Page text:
CAIRO — Demonstrating determination to quash the Muslim Brotherhood rather than seek to draw the Islamist group back into the political fold, Egyptian authorities on Tuesday arrested a prominent spokesman for the organization and renewed a freeze on the financial assets of senior leaders.
The latest steps by the interim government, reported by Egypt's state news agency MENA, appeared to be an effort to capitalize on the strong anti-Brotherhood sentiment that cuts across much of the country's political spectrum and has buoyed the interim government.
Armed forces commander Gen. Abdel Fattah Sisi, viewed as the key architect of the July 3 coup against Islamist President Mohamed Morsi and a subsequent bloody crackdown on Morsi's followers, is being publicly lionized and urged by fervent supporters to run for president.
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After more than 21/2 years of turmoil spawned by the revolution that toppled autocrat Hosni Mubarak in 2011, the authoritarian bent of the current administration is doing little to damp popular acclaim for Sisi.
Meanwhile, most of the Muslim Brotherhood's leadership is imprisoned, as are hundreds of rank-and-file followers. Human rights groups have sharply criticized conditions under which the detainees are being held, and say many prisoners have been denied basic rights. The use of military trials has also risen dramatically.
In continued pressure on the Brotherhood, its main English-language spokesman, Gehad Haddad, was arrested Tuesday in Cairo and charged with incitement, MENA said.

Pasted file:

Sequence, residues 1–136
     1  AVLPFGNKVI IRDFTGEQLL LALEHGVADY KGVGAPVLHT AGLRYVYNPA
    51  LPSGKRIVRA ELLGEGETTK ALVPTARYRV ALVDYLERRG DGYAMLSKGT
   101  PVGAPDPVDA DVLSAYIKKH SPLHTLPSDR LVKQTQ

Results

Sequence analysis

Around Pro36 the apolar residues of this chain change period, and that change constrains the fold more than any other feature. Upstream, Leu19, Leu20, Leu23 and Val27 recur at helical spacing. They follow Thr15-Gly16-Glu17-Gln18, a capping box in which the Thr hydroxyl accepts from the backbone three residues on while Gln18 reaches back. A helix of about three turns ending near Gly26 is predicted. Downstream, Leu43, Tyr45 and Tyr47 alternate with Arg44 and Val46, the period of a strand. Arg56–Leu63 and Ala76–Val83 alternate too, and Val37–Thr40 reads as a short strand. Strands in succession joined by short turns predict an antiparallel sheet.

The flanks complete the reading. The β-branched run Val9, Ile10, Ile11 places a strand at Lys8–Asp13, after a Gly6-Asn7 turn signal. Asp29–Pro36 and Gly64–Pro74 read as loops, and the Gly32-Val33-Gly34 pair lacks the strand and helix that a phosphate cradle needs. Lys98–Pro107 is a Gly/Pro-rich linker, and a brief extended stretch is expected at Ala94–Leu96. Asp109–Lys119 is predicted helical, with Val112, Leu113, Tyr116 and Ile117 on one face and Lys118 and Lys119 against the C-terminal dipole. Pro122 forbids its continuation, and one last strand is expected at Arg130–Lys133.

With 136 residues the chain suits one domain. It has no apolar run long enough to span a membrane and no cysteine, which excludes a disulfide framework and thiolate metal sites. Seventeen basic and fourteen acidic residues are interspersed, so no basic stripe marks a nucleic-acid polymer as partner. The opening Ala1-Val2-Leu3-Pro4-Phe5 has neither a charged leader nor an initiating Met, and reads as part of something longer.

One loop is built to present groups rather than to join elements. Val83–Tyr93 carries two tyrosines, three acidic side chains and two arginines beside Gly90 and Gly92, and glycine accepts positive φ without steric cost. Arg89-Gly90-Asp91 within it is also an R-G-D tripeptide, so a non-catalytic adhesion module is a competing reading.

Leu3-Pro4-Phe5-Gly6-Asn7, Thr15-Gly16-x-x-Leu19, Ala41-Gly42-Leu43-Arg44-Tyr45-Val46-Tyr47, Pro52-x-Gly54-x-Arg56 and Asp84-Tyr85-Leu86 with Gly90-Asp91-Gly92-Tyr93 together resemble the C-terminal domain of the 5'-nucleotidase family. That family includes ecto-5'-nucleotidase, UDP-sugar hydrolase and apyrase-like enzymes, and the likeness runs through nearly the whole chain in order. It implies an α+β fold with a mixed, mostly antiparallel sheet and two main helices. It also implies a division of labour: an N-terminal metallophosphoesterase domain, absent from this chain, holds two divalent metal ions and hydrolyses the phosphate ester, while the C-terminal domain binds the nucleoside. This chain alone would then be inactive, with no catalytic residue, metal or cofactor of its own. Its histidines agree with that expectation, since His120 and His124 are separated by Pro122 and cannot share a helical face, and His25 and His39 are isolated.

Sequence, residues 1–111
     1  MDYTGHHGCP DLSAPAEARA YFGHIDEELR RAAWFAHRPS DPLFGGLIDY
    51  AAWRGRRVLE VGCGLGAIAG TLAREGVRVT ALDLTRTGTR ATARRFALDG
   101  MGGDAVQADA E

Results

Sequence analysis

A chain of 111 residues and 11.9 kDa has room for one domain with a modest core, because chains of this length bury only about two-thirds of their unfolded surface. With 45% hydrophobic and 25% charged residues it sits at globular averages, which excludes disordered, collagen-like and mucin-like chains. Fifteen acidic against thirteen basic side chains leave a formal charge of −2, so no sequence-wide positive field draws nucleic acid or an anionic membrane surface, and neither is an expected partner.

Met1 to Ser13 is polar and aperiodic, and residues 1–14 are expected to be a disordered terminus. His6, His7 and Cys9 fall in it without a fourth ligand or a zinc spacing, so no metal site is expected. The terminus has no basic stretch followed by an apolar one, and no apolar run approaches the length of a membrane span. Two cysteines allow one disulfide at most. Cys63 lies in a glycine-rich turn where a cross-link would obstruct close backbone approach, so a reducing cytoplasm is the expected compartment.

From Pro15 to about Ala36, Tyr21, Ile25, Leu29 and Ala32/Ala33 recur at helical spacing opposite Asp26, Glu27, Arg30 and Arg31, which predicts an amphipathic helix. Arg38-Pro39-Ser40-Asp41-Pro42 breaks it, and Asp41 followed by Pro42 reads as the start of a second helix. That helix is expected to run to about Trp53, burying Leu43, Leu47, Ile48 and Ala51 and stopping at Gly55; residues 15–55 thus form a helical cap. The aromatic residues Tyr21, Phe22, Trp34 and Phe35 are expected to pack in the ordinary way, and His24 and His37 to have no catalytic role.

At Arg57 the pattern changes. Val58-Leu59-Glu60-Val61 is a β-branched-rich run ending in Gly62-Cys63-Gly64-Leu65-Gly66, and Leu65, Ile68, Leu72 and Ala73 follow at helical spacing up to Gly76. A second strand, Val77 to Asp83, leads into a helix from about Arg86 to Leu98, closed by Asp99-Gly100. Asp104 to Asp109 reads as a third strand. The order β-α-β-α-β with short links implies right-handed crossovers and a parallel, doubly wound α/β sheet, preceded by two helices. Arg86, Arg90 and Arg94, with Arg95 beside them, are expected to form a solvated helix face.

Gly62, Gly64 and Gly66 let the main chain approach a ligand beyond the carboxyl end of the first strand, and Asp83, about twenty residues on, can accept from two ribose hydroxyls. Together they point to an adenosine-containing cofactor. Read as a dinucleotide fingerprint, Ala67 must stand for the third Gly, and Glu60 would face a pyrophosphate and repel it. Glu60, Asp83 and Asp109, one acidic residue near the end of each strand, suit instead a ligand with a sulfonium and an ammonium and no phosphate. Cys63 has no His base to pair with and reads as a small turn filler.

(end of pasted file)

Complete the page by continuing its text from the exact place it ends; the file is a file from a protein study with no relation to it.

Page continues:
Haddad, whose linguistic ability and regular presence on Twitter helped him present a moderate face of the Brotherhood to the world press, was a highly visible figure, though his degree of influence within the organization was hard to gauge.
Augmenting the squeeze on the Brotherhood, a court ruled Tuesday that financial assets of senior leaders would remain frozen. The Cairo Criminal Court upheld a previous order to temporarily freeze the assets of several of the organization's top officials, including spiritual leader Mohamed Badie and his deputies, the state news agency said.
Morsi, the country's first democratically elected president, has been held by the military in an undisclosed location since the army drove him from power, deeply unpopular after a year in office. He is facing an array of legal accusations, including some murder-related charges stemming from the deaths of protesters.
Last week, Morsi was given a further 30 days of detention, an announcement that came late Friday, after his supporters had held scattered protests demanding his reinstatement. Despite Brotherhood efforts to rally a protest movement, demonstrations have remained small since a violent crackdown by the government last month.
To allay members' well-founded fears of arrest, the group's leadership has sought to use legal tactics to express defiance, such as urging Brotherhood followers to ride the city subway at specific times with the aim of tying up public transit in crowded Cairo, or switching off their cellphones at a particular time as a token of dissent.
Hundreds of Morsi supporters died in the violent breakup of protest camps by Egyptian security forces in mid-August. Authorities have since kept a tight grip on the capital, and a curfew remains in effect, together with a nationwide state of emergency, which gives the authorities wide-ranging powers to keep a lid on domestic dissent.
Special correspondent Ingy Hassieb contributed to this report.